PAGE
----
Inspection cameras are an important part of any drain cleaning contractor’s equipment arsenal. These units provide the contractor and their customer a first-hand look at what is going on in the plumbing system.

The camera systems provide a clear picture of problems whether it be roots, grease, the dreaded flushable wipe or other potential clogs. Armed with this information, the contractor can properly combat the issue at hand.

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drainline inspection

Ranging in price from $2,000 to $15,000 depending on manufacturer, length of the reel and additional equipment, most drain cleaning contractors might have one or two cameras on a truck. Just like with any other piece of equipment, downtime means you are not earning money. The best way to avoid this costly downtime is proper care and handling of the equipment.

Pipe Cleaning PRO reached out MyTana LLC, a manufacturer of drain inspection systems for 1.5- to 12-in. systems to offer up some basic tips on caring for maintaining inspection cameras. It should be noted that it is best to follow your own equipment manufacturer’s instructions for equipment use and care.

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  • Don’t use a camera to clear blockages. This can result in a buckled, kinked or broken pushrod, or damaged camera head.
  • Never use the camera to go through any kind of “traps” unless it is specifically designed for this application (as with MyTana’s DrainTracker mini-cam). Even if a trap seems large enough, due to the tight turns involved, the camera could become lodged and incur damage.
  • Always use a poly cover (such as MyTana’s IceBall camera guides); the covers are integral to the functionality and protection of the camera head. There are rounded styles to help jump offsets you may encounter in larger lines.
  • At the end of the job, remove and clean the fittings for all guides and centering devices, then place one back on the camera to protect the threads and the camera head during transport.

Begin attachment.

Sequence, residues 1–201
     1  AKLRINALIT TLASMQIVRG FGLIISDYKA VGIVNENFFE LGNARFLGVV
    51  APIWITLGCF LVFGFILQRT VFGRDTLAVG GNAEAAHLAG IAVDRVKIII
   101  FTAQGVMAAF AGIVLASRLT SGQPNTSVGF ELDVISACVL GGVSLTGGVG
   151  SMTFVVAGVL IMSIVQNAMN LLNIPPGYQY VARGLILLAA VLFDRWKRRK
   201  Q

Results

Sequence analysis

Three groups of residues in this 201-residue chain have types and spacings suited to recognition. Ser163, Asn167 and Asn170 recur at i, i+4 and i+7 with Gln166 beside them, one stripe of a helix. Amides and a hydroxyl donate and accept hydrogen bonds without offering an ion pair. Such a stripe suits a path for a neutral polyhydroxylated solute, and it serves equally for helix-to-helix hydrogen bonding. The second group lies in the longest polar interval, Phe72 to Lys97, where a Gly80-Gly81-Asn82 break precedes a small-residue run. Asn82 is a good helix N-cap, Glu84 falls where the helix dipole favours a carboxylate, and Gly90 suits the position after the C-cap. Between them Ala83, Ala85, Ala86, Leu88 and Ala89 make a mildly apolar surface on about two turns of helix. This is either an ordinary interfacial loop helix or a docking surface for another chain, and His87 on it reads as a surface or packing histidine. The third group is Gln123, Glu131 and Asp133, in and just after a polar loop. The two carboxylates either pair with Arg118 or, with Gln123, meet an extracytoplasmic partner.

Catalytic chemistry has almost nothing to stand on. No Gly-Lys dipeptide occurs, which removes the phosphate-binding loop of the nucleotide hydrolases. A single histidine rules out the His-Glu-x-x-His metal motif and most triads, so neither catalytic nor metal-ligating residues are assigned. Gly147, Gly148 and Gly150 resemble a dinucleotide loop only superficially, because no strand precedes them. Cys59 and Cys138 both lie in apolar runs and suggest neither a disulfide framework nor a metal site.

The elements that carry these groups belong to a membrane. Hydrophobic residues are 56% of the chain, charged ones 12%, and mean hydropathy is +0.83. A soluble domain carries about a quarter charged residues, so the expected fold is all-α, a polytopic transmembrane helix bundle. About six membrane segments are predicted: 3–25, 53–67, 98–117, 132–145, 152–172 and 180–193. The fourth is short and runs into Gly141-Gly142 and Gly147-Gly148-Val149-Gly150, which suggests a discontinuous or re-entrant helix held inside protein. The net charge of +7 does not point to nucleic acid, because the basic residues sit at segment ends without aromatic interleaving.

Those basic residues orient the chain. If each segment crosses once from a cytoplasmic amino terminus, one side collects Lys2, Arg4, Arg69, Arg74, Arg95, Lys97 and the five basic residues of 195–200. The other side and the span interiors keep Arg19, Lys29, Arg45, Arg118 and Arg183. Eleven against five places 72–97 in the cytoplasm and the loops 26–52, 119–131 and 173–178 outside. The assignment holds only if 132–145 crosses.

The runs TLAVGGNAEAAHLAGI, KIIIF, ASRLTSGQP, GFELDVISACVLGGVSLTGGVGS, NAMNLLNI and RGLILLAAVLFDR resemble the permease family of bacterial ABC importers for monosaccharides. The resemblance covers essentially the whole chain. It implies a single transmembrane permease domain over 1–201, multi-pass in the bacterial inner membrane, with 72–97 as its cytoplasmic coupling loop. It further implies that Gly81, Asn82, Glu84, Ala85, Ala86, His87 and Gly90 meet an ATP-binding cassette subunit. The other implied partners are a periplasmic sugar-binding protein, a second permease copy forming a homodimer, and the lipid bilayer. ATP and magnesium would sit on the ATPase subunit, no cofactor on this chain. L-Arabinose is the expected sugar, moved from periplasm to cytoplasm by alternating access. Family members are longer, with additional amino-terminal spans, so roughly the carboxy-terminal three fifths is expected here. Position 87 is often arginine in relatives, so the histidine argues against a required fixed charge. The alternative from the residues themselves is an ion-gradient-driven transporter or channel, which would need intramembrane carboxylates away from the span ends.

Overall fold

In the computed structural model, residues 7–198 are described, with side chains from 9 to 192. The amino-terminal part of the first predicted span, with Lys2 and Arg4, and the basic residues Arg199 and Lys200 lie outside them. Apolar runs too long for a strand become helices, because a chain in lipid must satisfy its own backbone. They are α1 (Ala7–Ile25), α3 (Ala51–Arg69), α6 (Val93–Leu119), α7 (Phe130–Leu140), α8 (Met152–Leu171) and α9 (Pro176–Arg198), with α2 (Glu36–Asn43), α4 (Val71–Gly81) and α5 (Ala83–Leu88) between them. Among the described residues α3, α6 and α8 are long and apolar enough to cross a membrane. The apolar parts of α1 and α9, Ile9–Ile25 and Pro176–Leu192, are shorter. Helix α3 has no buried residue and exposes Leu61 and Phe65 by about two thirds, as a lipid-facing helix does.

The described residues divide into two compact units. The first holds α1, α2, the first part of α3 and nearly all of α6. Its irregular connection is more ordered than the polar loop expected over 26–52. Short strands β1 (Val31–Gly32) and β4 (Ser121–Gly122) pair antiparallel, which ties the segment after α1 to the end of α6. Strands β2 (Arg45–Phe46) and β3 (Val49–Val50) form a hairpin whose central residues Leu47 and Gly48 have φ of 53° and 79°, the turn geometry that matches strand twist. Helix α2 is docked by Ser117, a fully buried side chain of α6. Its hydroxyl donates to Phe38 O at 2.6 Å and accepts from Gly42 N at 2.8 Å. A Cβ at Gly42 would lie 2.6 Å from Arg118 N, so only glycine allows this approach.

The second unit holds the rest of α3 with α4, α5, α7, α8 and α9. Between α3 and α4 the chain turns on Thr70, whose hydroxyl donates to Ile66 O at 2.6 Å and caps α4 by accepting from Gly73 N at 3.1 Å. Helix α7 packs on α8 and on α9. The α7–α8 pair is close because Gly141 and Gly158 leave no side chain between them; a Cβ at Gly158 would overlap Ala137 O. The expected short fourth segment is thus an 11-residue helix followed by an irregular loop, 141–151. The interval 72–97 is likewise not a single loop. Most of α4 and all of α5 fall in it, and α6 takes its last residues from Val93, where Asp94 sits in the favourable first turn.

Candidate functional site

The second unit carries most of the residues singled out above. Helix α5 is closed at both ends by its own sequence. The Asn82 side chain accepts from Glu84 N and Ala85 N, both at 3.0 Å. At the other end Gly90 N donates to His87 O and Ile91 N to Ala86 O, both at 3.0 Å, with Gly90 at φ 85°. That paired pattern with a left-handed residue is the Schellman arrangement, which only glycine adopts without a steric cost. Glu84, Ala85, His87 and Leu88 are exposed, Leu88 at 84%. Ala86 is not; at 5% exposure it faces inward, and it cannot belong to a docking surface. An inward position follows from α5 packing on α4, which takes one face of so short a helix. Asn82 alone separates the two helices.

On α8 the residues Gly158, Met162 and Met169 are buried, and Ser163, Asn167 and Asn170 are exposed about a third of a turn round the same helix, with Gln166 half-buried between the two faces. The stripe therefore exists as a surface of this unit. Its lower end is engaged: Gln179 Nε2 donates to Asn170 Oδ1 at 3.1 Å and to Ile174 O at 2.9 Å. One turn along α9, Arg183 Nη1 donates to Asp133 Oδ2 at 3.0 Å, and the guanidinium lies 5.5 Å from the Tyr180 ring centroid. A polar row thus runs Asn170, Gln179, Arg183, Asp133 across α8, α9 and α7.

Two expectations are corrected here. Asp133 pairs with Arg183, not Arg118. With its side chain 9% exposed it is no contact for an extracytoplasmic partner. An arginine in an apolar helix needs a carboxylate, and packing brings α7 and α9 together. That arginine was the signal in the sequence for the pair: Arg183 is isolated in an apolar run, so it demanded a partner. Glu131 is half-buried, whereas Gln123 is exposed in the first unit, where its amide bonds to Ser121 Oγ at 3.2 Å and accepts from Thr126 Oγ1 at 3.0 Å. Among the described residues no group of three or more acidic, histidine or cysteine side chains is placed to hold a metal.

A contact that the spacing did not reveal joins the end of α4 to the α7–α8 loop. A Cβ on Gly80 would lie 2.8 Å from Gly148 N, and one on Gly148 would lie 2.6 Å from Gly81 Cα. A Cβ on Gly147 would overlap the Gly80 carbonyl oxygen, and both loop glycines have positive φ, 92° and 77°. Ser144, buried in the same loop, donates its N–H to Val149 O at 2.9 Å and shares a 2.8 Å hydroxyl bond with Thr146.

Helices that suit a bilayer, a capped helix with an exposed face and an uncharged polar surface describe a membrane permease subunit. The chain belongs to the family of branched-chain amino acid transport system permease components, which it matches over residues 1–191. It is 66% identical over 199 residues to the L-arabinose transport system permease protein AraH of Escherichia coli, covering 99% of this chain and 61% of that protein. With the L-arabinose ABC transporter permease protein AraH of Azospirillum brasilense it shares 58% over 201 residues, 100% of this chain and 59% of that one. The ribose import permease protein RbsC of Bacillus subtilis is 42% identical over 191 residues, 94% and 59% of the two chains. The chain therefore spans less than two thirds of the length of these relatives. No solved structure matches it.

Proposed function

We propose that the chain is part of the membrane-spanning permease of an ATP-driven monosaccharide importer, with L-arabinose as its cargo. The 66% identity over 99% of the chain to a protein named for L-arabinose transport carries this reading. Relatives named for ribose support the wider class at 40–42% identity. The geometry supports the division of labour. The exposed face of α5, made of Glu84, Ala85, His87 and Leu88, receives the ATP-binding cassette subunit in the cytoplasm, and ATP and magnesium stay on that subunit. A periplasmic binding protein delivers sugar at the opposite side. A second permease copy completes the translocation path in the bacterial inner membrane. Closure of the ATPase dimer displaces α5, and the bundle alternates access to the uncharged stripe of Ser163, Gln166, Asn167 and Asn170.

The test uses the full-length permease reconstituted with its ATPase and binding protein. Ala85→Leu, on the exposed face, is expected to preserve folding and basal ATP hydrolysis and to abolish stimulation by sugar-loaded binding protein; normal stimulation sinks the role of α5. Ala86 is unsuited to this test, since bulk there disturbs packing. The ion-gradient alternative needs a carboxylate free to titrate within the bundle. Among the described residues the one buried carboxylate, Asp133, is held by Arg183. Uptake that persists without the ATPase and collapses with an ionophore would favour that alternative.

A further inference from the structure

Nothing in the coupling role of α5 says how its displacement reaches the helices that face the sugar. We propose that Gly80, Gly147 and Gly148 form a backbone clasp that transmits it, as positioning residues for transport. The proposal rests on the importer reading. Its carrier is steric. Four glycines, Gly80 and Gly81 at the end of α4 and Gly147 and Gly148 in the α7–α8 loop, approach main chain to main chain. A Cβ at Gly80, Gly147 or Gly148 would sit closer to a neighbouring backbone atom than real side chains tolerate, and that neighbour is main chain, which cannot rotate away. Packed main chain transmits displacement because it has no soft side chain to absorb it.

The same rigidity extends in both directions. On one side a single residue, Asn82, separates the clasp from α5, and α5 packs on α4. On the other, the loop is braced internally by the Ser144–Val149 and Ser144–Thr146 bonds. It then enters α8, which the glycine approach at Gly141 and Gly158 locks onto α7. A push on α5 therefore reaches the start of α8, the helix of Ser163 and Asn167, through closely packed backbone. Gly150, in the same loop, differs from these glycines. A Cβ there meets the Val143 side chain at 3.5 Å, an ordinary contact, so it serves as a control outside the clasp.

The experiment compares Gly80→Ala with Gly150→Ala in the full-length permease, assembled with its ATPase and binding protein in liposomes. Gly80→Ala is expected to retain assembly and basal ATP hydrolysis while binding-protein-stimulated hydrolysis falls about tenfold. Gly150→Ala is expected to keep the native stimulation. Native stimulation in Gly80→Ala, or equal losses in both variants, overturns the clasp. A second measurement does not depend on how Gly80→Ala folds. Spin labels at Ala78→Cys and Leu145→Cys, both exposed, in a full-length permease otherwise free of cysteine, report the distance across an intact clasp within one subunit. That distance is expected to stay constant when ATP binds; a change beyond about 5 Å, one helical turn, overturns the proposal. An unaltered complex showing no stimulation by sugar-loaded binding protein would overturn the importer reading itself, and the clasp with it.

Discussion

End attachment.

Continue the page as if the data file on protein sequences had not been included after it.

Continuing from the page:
• Don’t use a camera in the same line as a cable machine or jetter, to protect both the push rod and camera head.
  • If the camera system (not in use) is sitting near where you are cleaning the line, be sure to keep it out of the “spray” of cable machines and jetters. Inspection systems’ control panels are usually water resistant, but not waterproof.
  • Never use wet or dirty gloves when operating the controls. This can get dirt and grit into the buttons and cause them to not function properly.
  • When pulling the camera out of the line, wipe the pushrod down with a cleaning solution on a rag.
  • Adjust the tension knob for best rotation of the reel to allow easy and proper stacking of the push rod in the reel and to avoid kinking of the pushrod.
  • At the end of the day, check the camera head for damage and signs of water ingress.
  • Cleanouts and entrances can be sharp; cover sharp edges with a rag or use a guide to avoid cuts to the pushrod. [see picture for example of one of these protective guides]
  • Keep the camera head attached to the pushrod at all times to avoid accidental damage to the connection components. Before you start a job, check that the connection is snug. Hand-tighten only if needed, but don’t over-tighten. Don’t use any kind of tools on connections.
  • If it’s an option, consider running water to reduce pushrod friction as you push the camera through a pipe.

This blog post was compiled by the Pipe Cleaning PRO staff from information provided by MyTana. 

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